Lots of little things happen in grad school that take you by surprise but really shouldn’t. One of those things for me happened after I finished all of my coursework. Without the deadlines of weekly seminars, I didn’t read journal articles or books nearly as often as I should have. I figured this out about this time last year and made it my New Year’s resolution to get better at keeping up with journals.
When I started working on this, one thing that became immediately apparent was that I lacked any sort of organized system for getting notified about new articles. Which seems like something I should have done year 1 and is rather obvious in retrospect. But hey, I was a young grad student.
I tested out two ways of getting notifications. One was with email alerts. All the publishers are more than happy to email you about new issues/articles. This worked, but it was annoying to get all these emails in my inbox. So I then switched to using RSS.1 That’s my current setup. All of the major publishers publish RSS or Atom feeds for their journals, so it’s easy to get subscribed. Well, all of them except Cambridge. Luckily, there is a webapp that lets you add RSS posts via email. So I signed up for Cambridge’s email alerts but gave them an email address that that company gave me.
Now that I get notifications about new articles/issues, it certainly feels like I read more. But having some empirical evidence would be nice.
So I analyzed my .bib file in R.
You can import a bib file with the “bibtex” package. I then did a little wrangling to get a
data.frame with one row per citation. The code is available on github, and I’ve embedded it at the bottom of this post.
When taking classes I did an OK job at keeping track of what I read, but a lot of stuff I read for coursework will be missing. Also missing are things that I read but didn’t put in my bib file (yet), like articles I reviewed or working papers that colleagues had me read. So the data actually undercount what I read. Since we’re relying on citation information, we’ll also be plotting the year the article was written, not the year I read it.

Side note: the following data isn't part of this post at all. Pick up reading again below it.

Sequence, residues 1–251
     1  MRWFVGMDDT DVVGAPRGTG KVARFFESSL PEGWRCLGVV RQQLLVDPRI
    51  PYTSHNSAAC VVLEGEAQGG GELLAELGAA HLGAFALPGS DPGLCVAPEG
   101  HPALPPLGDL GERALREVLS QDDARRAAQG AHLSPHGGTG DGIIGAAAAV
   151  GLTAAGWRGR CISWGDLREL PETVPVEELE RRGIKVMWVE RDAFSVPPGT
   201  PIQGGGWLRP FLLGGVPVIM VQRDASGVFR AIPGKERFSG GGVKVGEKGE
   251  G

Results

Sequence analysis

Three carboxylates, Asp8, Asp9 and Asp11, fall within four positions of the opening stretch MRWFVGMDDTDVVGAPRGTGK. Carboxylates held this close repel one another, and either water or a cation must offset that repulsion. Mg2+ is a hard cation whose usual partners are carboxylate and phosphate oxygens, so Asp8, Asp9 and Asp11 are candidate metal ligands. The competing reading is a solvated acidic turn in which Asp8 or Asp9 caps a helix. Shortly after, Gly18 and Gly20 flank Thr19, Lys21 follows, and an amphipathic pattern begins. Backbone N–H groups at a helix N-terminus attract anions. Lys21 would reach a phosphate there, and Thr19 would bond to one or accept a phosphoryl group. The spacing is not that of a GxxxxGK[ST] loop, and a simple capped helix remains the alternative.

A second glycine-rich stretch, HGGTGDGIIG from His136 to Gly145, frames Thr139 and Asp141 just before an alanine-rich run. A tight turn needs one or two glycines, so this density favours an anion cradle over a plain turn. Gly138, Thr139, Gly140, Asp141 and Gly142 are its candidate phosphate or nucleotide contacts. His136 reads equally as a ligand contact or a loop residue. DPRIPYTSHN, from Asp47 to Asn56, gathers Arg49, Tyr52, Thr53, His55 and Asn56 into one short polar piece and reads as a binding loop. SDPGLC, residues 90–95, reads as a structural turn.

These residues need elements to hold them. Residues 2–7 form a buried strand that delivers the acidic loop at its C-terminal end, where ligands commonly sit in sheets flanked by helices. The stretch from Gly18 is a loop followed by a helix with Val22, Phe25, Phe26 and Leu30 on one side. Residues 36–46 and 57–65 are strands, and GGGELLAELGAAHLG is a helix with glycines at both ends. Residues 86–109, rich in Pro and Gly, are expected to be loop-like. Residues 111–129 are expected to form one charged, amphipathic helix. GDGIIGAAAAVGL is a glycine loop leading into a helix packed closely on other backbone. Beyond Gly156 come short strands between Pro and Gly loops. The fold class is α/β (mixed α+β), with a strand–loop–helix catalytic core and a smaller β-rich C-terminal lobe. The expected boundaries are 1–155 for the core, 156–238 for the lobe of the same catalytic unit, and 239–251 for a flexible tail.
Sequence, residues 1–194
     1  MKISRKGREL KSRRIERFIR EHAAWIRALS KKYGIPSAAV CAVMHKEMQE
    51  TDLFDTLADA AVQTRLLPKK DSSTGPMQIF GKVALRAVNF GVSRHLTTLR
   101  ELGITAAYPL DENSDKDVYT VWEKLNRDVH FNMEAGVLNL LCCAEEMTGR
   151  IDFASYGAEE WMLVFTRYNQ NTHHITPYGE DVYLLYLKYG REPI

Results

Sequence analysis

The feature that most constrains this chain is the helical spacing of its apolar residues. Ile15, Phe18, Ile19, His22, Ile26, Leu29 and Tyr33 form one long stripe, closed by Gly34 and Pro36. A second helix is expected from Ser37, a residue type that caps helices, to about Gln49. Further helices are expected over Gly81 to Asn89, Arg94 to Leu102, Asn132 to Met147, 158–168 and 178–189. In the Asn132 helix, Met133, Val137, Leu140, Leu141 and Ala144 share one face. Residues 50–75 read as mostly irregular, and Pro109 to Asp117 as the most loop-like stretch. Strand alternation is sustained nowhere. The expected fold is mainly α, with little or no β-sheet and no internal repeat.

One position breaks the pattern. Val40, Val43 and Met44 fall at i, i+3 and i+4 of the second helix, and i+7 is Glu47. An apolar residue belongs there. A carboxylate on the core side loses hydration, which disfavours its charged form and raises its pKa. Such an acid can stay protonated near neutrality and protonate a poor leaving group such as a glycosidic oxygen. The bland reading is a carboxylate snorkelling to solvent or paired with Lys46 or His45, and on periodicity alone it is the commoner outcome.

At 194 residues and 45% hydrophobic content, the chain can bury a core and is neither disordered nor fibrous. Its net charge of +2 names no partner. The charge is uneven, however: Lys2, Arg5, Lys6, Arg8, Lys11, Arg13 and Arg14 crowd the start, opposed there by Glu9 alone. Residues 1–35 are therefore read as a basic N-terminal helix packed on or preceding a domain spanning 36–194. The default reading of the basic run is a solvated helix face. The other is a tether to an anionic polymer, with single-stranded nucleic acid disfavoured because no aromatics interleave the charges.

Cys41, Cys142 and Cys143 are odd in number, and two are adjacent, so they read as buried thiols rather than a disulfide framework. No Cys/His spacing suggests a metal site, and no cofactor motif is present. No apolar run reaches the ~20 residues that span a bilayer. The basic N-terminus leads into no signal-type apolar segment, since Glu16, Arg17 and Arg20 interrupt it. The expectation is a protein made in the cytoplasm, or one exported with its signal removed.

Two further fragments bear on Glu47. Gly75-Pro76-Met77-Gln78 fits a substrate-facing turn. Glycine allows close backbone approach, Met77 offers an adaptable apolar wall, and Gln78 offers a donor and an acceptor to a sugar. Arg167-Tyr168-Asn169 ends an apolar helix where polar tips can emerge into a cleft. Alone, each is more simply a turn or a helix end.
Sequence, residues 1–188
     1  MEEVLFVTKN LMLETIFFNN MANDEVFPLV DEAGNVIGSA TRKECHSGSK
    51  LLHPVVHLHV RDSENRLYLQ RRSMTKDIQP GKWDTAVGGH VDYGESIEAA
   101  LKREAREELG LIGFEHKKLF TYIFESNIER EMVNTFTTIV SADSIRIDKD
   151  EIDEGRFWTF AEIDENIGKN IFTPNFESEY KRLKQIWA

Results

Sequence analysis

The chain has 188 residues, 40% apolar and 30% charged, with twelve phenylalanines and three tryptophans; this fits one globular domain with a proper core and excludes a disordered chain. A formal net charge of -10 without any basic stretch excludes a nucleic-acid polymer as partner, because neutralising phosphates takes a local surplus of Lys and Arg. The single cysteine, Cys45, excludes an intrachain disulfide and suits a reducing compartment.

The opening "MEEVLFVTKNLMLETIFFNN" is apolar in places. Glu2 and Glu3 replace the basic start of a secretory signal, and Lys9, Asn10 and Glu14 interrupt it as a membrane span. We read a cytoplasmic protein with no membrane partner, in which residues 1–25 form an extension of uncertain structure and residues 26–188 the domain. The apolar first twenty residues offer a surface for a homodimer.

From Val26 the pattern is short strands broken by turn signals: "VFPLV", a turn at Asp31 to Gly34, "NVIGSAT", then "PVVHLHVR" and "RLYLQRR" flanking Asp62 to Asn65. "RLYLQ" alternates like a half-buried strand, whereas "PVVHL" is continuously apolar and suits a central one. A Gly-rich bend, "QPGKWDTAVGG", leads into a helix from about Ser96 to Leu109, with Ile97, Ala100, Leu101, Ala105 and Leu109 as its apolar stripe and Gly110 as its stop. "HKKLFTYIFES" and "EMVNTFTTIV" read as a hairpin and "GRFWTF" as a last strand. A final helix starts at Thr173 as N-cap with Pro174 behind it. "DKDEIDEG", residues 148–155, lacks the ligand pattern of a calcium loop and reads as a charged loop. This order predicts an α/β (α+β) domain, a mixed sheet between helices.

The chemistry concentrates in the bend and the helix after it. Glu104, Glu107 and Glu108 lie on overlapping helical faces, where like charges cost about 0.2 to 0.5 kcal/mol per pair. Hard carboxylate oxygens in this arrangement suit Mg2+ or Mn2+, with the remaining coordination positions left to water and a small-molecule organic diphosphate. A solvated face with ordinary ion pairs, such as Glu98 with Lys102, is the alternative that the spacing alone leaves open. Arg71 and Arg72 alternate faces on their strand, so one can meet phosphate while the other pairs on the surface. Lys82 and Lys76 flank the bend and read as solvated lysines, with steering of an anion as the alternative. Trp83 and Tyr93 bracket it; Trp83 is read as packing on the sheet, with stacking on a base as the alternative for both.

First, I looked at a plot of all the years of the articles/books I had. 2016 is the rightmost bar.
You can see that my suspicion was probably right - the lines for 2014 and 2015 are pretty short. 2015 was the last year I took classes, and 2014 was a methods-heavy year so not much reading there.
It looks like I did a pretty decent job with my new years resolution. 2016 is pretty clearly the tallest bar (and it’s not over yet! In fact, I still have 23 articles to read on my todo list).
Of course, now that we have the data in R, we can make all kinds of interesting plots. I know that I read a lot of AJPS/APSR/JOP (the top three journals in political science) articles when I was taking coursework, so I was interested to see the distribution of the things I’ve read by journal (only plotting journals where I have more than 5 articles)
Suspicion confirmed again. We read a lot from the same three journals in coursework. I think that since I’m reading from many more journals now that this discrepancy will lessen over time though.